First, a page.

Historically, myocardial infarctions have been diagnosed by fulfilling 2 of the 3 following criteria:
- History of chest pain
- Abnormal electrocardiogram (ECG)
- Rise and fall of cardiac markers
The protein cardiac markers the lab tests for and monitors over a 24 hour period are troponin, CK-MB, and myoglobin. The first marker that is elevated is myoglobin. Since myoglobin is released from all muscle cells of the body when they die, it is nonspecific, but it helps to "rule out" or "fail to rule out" an MI. That means, the "chest pain" someone may be experiencing may be due to eating 10 kg of Gramma’s chilli causing acid reflux, or a potential heart attack. The next marker to be tested for is troponin which begins to rise after 2-8 hours after the onset of an MI and stays elevated for 5-10 days after. It is considered a "late marker" so it will still be positive if the patient doesn't come to the ER immediately, but can still receive effective treatment. And the final one is CK-MB and it's rise-fall pattern is in the middle of the 2 other enzymes so using the measurement of CK-MB and either of the other proteins, health care professionals can determine approximately the time someone has a heart attack.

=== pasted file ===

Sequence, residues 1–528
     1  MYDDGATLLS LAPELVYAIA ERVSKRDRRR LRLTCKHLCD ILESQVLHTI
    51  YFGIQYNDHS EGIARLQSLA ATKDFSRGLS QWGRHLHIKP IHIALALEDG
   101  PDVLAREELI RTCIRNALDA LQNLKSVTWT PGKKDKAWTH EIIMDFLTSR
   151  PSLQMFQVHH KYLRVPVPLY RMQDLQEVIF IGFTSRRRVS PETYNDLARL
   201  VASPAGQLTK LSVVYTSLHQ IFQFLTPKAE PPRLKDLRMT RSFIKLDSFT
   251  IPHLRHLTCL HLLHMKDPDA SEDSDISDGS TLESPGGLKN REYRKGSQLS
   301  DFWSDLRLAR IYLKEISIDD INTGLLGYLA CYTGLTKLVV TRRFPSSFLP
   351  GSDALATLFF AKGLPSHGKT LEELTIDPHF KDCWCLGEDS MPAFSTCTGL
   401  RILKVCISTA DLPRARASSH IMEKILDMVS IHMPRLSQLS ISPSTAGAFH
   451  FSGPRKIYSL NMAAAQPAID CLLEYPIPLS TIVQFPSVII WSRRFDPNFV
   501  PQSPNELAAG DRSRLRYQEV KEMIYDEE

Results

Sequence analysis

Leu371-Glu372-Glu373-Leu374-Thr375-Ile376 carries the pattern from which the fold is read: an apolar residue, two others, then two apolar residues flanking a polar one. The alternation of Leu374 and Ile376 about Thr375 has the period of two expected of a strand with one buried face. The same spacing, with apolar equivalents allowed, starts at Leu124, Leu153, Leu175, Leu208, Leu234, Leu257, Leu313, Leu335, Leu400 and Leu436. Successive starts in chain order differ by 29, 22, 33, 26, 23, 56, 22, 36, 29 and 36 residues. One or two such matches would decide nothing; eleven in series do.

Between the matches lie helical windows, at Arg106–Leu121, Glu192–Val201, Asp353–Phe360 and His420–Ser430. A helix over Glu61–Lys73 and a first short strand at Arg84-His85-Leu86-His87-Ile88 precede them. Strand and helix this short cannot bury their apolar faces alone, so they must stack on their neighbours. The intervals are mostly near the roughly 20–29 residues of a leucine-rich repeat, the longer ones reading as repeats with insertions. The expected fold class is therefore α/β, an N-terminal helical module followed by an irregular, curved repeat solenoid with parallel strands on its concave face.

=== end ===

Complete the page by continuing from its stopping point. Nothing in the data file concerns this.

|Isn't this the CUTEST LITTLE HEART?!?!|
It is the heart of the fetal pig my little sister dissected.